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Thanks to Smith’s open curriculum and breadth of classes, it’s easy for students to take sustainability focused and related courses, no matter their major. Students can pick a major with an environmental focus from several departments, select a unique minor, or join the environmental concentration. There are many opportunities to Get Involved beyond the classroom as well, through internships, jobs, research, and more.

Majors & Minors

Environmental Science & Policy

The need for environmentally literate citizens and well-educated professionals able to address increasingly complex and global environmental issues has never been greater. Pollution, ecosystem degradation and unsustainable use of natural resources are just a few examples of how humans are altering the Earth and its atmosphere in unprecedented ways. Smith's Environmental Science and Policy (ES&P) Program seeks to produce future leaders in the environmental field.

Two Smith students stand in tall grass and take specimen samples

Biological Sciences

Biological sciences treats the life sciences in all their breadth and diversity, including the study of molecules, cells, whole organisms, ecosystems, plants, animals and microorganisms. Students interested in sustainability can select the Biodiversity, Ecology and Conservation track.

Student in Michael Barresi's lab

Environmental Geosciences

Courses in geosciences at Smith highlight hands-on and discovery-based learning through modern field and laboratory techniques, as well as interactive student-faculty research experiences. Majors in the environmental geosciences track take a range of courses within the department, as well as chemistry, ecology and environmental science and policy. A degree in geosciences can lead to a variety of rewarding careers that address pressing issues, including climate change, energy and water resources, environmental stewardship and natural hazards.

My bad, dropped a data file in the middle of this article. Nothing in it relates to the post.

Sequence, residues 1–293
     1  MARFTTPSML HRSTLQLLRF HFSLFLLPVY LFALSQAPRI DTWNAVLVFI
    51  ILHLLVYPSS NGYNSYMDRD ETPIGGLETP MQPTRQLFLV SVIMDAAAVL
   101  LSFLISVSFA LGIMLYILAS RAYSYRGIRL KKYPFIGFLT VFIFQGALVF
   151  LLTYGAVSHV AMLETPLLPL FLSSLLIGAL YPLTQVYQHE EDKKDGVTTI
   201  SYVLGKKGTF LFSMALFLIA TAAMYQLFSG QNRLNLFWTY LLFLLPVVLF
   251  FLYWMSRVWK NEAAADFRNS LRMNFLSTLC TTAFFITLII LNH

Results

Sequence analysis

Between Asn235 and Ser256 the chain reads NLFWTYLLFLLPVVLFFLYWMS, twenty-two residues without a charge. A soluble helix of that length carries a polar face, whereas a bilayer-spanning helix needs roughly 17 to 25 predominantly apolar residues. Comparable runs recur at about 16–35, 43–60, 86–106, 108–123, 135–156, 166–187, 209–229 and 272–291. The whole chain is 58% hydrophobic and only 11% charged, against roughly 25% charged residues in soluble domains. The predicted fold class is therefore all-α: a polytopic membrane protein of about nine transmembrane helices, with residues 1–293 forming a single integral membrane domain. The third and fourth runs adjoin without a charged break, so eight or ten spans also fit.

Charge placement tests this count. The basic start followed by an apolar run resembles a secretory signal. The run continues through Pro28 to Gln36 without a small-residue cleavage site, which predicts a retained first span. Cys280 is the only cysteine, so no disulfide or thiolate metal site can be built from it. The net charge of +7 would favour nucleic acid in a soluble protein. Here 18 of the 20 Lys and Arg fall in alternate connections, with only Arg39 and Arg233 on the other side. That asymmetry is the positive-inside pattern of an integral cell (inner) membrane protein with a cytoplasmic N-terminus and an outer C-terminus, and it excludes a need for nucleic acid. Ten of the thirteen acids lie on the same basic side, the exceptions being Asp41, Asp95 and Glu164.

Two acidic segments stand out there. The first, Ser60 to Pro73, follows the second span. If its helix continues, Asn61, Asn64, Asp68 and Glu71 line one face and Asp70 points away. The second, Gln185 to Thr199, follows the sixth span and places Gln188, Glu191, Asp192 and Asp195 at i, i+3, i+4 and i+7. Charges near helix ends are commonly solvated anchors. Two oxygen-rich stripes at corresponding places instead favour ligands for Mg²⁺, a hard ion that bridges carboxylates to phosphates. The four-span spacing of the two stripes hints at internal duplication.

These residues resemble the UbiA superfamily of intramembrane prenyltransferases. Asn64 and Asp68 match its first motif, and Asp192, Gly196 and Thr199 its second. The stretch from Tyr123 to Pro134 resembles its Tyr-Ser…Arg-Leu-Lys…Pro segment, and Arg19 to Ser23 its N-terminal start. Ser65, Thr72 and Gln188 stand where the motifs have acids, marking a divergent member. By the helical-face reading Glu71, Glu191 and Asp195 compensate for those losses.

Professor John Brady with two students

Landscape Studies

The Landscape Studies Program links faculty, students and courses in architecture, engineering, and environmental science and policy to study design, ecology, politics and human relationship to the environment. Smith's campus—which includes a botanic garden and an arboretum—and curriculum form a unique, rich archive and laboratory for the study of human interactions with the spaces and places we inhabit.

Landscape Studies Banner Image


As an engineering major or minor students can take numerous courses and engage deeply in research on topics such as renewable energy, environmental engineering, hydrology, water quality and technology, and more.

Student in engineering lab

The Minor in Marine Science & Policy

The Marine Science and Policy (MS&P) minor permits students to pursue interests in coastal and oceanic systems through an integrated sequence of courses in the natural and social sciences. An introduction to marine sciences is obtained through completion of the two basis courses. Students then choose among upper-level courses that focus on or complement scientific investigation of the oceans and the policy aspects of ocean conservation, exploitation and management.

Landscape photo of a sunset

Environmental Concentration

The Environmental Concentration gives students a way to organize a combination of intellectual and practical experiences, such as internships and service learning, around an environmental area of interest. A concentration allows for more flexibility than is possible within an academic minor, and students can pursue a concentration alongside a minor or a second major.

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Sustainability Focused & Related Courses

Browse sustainability-related courses offered throughout the curriculum, including classes in anthropology, architecture, English language and literature, government and physics (please note the courses listed are meant to be a sample and some may not be offered every semester).

For more detailed information on course offerings, search the Smith College Course Catalog.

American Studies

  • AMS 229 Native New England
  • AMS 245 Feminist & Indigenous Science


  • ARS 280 Introduction to Architectural Design Studio: Analog Processes - Ground
  • ARS 153 Drawing Social Justice

English Language & Literature

  • ENG 237 Colloquium: Environmental Poetry and Ecological Thought
  • ENG 290sc Colloquium: Topics in Crafting Creative Nonfiction-Writing about Science
  • ENG 363 Race and Environment


  • PHI 221 Ethics and Society
  • PHI 224 Philosophy of Science
  • PHI 238 Environmental Philosophy

Spanish & Portuguese

  • SPN 230cv Topics in Latin American and Peninsular Culture and Society-Climate Voices